In recent weeks it has been as if Little Susie herself, the sleepy 1950s teen-ager, woke up from her back-seat slumber to find that it is 1992 and she is Murphy Brown. Although she is still a mere figment of the white middle-class moral imagination, she is now an independent career woman with a new baby. She no longer worries that her parents will be mad at her for staying out late with her boyfriend, but a headline in a New York City tabloid screams, "Quayle to Murphy: You Tramp!" The attack word "illegitimate" is back in use after the Vice President of the United States clobbered her with it. But America's poor black women and children were the real objects of his advice: "Just have two-parent families."
Those who want to put today's debates on race, poverty and pregnancy into historical perspective should read "Wake Up, Little Susie," Rickie Solinger's timely and perceptive analysis of the years after World War II and before the legalization of abortion. They will have to slog through some clumsy academic language, but this is urgent reading in light of the likely recriminalization of abortion in America. What will become of unwed mothers and their babies-to-be besides getting stamped with more angry labels ranging from "slut" to "black matriarch," "man-hating feminist" to "welfare cheat," "unwed baby" (Quayle actually said this) to "bastard"? Are we making progress here?
In Solinger's book we revisit an era when, if a woman wanted to get a legal abortion, she generally had to plead psychiatric illness to a hospital panel. The doctors (usually all male) frequently rejected the appeals, sometimes recording their unconcealed contempt ("she wants us to wash her dirty laundry . . .").
The dominant Freudian gloss, applied by psychiatrists, psychologists and social workers, was that girls had "gotten themselves in trouble" (and even "got themselves raped") out of unconscious motivations--often hostility toward their boyfriends or families, especially their mothers. (This notion helped let men off the hook. One fellow, on being told by his girlfriend that she was pregnant by him, responded: "God help me, I'm ashamed of you.")
A pregnant white woman would be informed that only by acknowledging her emotional maladjustment and unfitness for motherhood (proved by the very fact that she was pregnant) could she hope for a "second chance" at appropriate femininity, marriage and maternity. Usually expelled from high school by law, she was often sequestered in an austere maternity home on condition that she never tell anyone where she went. She would be urged or, if necessary, forced (and sometimes tricked) into giving the child up to the booming postwar adoption market as a sign of her new-found "adjustment."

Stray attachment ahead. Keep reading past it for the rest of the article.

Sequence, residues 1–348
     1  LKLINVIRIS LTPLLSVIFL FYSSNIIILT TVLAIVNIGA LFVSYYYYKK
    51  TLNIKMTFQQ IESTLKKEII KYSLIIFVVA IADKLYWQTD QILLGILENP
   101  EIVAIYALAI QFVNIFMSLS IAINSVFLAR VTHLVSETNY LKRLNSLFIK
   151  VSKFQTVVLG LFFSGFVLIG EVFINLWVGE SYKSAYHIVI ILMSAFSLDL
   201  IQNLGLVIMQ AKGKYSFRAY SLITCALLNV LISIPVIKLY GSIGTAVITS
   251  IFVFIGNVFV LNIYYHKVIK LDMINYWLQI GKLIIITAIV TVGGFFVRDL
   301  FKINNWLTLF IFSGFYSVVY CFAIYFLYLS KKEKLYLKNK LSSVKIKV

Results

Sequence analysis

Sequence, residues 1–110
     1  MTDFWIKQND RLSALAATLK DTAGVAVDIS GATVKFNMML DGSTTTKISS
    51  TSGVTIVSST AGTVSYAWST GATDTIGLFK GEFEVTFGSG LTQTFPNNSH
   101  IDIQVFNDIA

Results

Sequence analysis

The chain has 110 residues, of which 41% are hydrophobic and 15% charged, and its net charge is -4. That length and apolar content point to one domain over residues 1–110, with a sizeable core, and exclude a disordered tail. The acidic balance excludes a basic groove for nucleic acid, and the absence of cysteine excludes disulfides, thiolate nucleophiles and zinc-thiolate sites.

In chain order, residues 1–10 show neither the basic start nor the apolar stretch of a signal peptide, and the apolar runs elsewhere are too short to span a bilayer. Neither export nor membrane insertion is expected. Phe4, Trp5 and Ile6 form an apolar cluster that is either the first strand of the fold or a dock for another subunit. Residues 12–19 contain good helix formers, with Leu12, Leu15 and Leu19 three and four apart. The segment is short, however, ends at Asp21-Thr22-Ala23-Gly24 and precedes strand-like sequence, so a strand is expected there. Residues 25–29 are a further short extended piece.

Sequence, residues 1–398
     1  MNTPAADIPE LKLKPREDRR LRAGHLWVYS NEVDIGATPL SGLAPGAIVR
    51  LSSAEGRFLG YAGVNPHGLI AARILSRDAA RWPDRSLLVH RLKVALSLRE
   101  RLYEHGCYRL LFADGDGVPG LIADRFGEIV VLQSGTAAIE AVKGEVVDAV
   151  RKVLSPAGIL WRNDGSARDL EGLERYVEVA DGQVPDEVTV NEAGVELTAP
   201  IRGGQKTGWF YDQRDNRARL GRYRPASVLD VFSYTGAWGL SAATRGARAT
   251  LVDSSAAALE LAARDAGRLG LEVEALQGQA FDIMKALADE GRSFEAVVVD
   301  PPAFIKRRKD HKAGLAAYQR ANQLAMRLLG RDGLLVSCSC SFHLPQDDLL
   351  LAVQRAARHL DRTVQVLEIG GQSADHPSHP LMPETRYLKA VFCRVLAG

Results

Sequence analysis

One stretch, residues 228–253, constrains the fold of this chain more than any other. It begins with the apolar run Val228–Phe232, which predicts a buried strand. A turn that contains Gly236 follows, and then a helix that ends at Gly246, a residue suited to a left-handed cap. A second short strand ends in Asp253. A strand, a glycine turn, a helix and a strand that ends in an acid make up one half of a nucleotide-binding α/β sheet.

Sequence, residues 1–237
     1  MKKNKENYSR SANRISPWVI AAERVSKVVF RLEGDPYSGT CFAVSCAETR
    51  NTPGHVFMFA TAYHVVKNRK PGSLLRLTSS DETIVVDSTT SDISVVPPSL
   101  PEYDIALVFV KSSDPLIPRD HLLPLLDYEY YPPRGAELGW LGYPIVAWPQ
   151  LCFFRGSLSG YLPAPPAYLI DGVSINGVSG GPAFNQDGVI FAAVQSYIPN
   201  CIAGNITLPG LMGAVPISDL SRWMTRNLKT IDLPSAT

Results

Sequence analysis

African-American women were spared the pseudo-psychologicaltheorizing about their rejection of the feminine role in favor of a cruder assumption that they were only "doing what comes naturally"--to oversexed Negroes, of course, not to pure white virgins. But they, too, had little access to sex education, birth control or abortion, few maternity homes, and--in striking distinction from white women--virtually no access to adoption services. In 1960, Solinger tells us, approximately 70% of white babies born out of wedlock were adopted, while only 5% of such nonwhite babies were placed; in fact, one African-American woman who tried to give her baby to a hospital for adoption was arrested for desertion. Partly in the absence of any alternative and partly by choice, the black community mostly made room for its newest members and accepted the mothers without stigma.
The treatment of white and black unwed mothers did converge on one point: Both were seen primarily as potential threats to the stability of middle-class home life. The white woman was shamed for her sexuality unless and until she gave up her baby, while the black woman who kept her baby was blamed by the white taxpaying public for causing everything from rising welfare costs to poverty and so-called "black pathology."
Despite these demeaning attitudes, postwar non-marital sexual activity, illegal abortions and out-of-wedlock birth rates all rose steadily (perhaps in part because males were exempt from most of the shaming and blaming and so had little motivation to reform typical practices, such as shunning the use of contraceptives). Population experts, along with some feminists, doctors and social-service providers, campaigned long and hard for abortion reform, yet the nation seemed psychically unprepared for their success in 1972 when the Supreme Court made abortion legal.